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Randall v. Fulcrum Real Estate Services, Inc.

United States District Court, W.D. Washington, Tacoma

August 3, 2017

ROY V. RANDALL, SR., Plaintiff,
v.
FULCRUM REAL ESTATE SERVICES, Inc., Defendant.

          ORDER ON APPLICATION TO PROCEED IN FORMA PAUPERIS AND ORDER TO SHOW CAUSE.

          ROBERT J. BRYAN United States District Judge.

         This matter comes before the Court on Plaintiff's application to proceed in forma pauperis (Dkt. 1) and on review of the proposed complaint (Dkt. 1-1). The Court has considered the relevant record and the remainder of the file herein.

         On July 24, 2017, Plaintiff filed a proposed civil complaint, an application to proceed in forma pauperis (“IFP”), that is, without paying the $400 filing fee for a civil case. Dkts. 1-1 and 1.

         Plaintiff's proposed complaint asserts that since April of 2015, he requested that the Defendant's employees give him the “reasonable accommodation” of “unfettered access” to get his bicycle to his basement apartment. Dkt. 1-1. Plaintiff maintains that he is a disabled veteran. Id. He states that he had that access in his third floor apartment. Id. Plaintiff alleges that “the only accommodation that would allow unfettered access is a key to the elevator allowing access to the basement apartment.” Id. Plaintiff states that each of the Defendant's employees “refused [his] reasonable accommodations.Id. Plaintiff asserts that after his basement apartment flooded twice, the “decision was made to do the repair work on their own, ” and “they were seeking to force me to surrender [his] basement apartment.” Id. Plaintiff states that he was forcefully evicted in July of 2017. Id. Plaintiff's proposed complaint references “Title VIII of the Civil Rights Act of 1968, ” and § “804b or f” and “804f3B.” Id. As relief, Plaintiff states that he is seeking (1) “pain and suffering for two years plus of being deprived of full use of [his] bicycle, ” (2) “appropriate punishment for denial of [his] reasonable accommodation, ” (3) “punishment for the forcible eviction” and “ensuing homeless situation, ” (4) damages, (5) injunctive relief of suspension of Defendant's “license to practice Real Estate, ” and (6) “Defendant business practices he studied for further Civil Rights Discrimination violations.” Id.

         Plaintiff makes the same or similar allegations in this case as he does in a case Plaintiff recently filed against Defendant's current and former employees in Randal v. Parodi, et al, Western District of Washington case number 17-5425 RJB. In that case, Plaintiff he alleges that since April of 2015, he requested the “reasonable accommodation” of “unfettered access” to get his bicycle to his basement apartment. Randal v. Parodi, et al, Western District of Washington case number 17-5425 RJB, Dkt. 3, at 2. He states that he had that access in his third floor apartment. Randal v. Parodi, et al, Western District of Washington case number 17-5425 RJB, Dkt. 3, at 2. Plaintiff alleges that “the only accommodation that would allow unfettered access is a key to the elevator allowing access to the basement apartment.” Randal v. Parodi, et al, Western District of Washington case number 17-5425 RJB, Dkt. 3, at 2. Plaintiff states that each of the individuals he names as defendants have “refused [his] reasonable accommodations.Randal v. Parodi, et al, Western District of Washington case number 17-5425 RJB, Dkt. 3, at 2. Plaintiff's complaint in that case references “Title VIII of the Civil Rights Act of 1968, ” § “8046” and “80463B.” Id. As relief, Plaintiff seeks (1) a key to the elevator, (2) pain and suffering for having to carry his belongings by hand because he did not have access to his bike, (3) “appropriate punishment for denial of [his] reasonable accommodation for the two years plus, ” (4) Defendants cease all efforts to evict him, and (5) training for Defendants. Randal v. Parodi, et al, Western District of Washington case number 17-5425 RJB, Dkt. 3. His application for IFP was granted on July 10, 2017. Randal v. Parodi, et al, Western District of Washington case number 17-5425 RJB, Dkt. 4. The Parodi Defendants have not yet appeared.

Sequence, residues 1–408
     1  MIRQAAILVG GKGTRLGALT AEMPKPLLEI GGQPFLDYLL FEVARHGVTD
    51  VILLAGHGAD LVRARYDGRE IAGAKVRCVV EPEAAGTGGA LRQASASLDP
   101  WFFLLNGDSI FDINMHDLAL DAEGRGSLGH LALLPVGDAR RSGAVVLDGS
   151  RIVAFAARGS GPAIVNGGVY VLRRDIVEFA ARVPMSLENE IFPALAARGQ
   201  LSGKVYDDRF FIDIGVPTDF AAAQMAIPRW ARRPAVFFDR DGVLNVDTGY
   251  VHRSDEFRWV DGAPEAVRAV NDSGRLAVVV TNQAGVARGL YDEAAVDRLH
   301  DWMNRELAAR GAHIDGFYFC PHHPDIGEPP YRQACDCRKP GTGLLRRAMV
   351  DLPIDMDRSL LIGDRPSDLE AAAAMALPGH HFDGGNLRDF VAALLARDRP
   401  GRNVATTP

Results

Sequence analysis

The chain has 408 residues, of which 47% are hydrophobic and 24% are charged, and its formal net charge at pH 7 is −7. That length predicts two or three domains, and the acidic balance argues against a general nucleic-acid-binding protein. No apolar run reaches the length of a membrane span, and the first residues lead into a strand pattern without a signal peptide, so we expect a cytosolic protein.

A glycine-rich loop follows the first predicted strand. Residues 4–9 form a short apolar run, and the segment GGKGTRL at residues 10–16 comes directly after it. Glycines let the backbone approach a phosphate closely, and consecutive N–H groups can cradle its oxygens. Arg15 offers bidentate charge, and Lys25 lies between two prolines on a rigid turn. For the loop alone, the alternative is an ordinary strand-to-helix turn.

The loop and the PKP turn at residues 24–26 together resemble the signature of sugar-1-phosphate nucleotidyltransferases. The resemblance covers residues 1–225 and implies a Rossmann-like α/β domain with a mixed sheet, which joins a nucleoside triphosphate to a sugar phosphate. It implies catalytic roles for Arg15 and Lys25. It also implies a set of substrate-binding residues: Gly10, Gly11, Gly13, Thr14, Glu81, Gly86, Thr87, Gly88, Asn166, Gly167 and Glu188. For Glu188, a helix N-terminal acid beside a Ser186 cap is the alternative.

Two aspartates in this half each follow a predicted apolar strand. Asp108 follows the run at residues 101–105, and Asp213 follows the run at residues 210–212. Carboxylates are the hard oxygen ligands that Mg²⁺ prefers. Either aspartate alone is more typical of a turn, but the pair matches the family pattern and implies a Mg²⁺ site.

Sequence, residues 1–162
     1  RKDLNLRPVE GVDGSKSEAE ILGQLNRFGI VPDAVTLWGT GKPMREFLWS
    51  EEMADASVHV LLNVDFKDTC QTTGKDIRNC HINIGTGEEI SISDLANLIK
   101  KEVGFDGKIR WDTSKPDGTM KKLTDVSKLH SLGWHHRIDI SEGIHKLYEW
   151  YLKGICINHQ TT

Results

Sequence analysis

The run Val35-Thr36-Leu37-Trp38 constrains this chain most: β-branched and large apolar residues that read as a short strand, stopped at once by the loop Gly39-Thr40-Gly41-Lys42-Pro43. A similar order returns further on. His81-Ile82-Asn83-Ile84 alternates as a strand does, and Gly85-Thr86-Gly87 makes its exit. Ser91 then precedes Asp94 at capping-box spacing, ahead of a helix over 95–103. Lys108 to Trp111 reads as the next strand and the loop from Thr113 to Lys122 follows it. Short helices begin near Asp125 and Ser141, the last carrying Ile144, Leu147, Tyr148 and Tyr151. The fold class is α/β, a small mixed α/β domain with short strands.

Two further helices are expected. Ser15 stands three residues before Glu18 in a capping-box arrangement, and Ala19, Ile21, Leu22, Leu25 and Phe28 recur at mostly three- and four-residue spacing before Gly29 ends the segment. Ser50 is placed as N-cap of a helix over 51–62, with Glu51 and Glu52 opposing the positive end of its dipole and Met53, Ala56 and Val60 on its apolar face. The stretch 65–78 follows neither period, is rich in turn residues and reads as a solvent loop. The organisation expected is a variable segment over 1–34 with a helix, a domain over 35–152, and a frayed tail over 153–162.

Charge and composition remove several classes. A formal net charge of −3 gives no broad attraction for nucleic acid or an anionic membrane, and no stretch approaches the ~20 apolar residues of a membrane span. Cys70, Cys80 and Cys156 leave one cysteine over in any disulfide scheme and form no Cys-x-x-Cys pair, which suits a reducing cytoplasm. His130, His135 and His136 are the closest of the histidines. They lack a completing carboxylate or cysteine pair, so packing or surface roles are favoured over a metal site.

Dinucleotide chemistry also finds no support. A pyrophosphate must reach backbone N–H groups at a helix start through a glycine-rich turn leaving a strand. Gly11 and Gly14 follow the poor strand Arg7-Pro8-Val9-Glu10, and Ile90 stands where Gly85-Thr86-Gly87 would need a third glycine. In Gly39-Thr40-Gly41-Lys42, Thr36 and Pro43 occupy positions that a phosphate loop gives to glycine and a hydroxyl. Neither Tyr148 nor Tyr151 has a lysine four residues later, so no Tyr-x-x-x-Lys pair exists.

Standard for Granting Application for IFP.

         The district court may permit indigent litigants to proceed in forma pauperis upon completion of a proper affidavit of indigency. See 28 U.S.C. § 1915(a). However, the court has broad discretion in denying an application to proceed in forma pauperis. Weller v. Dickson, 314 F.2d 598 (9th Cir. 1963), cert. denied 375 U.S. 845 (1963).

         Plaintiff's Application to Proceed IFP.

         Plaintiff states that he has income of $995.00 per month in “disability, unemployment, workers compensation, or public assistance.” Dkt. 1. He indicates he has $50 in cash and checking, no other assets or dependents, and has $600 in monthly expenses. Id.

         Decision on IFP Application.

         Plaintiff's application to proceed IFP (Dkt. 1) should be granted. Plaintiff has sufficiently shown he is unable to pay the filing fee.

         Order to Show Cause.

         The allegations in this case and in Randal v. Parodi, et al, Western District of Washington case number 17-5425 RJB are the same or similar; this case involves a corporate defendant and Parodi involves the individual employees. On or before August 11, 2017, Plaintiff should be ordered to show cause, in writing, if any he has, why this case and Randal v. ...


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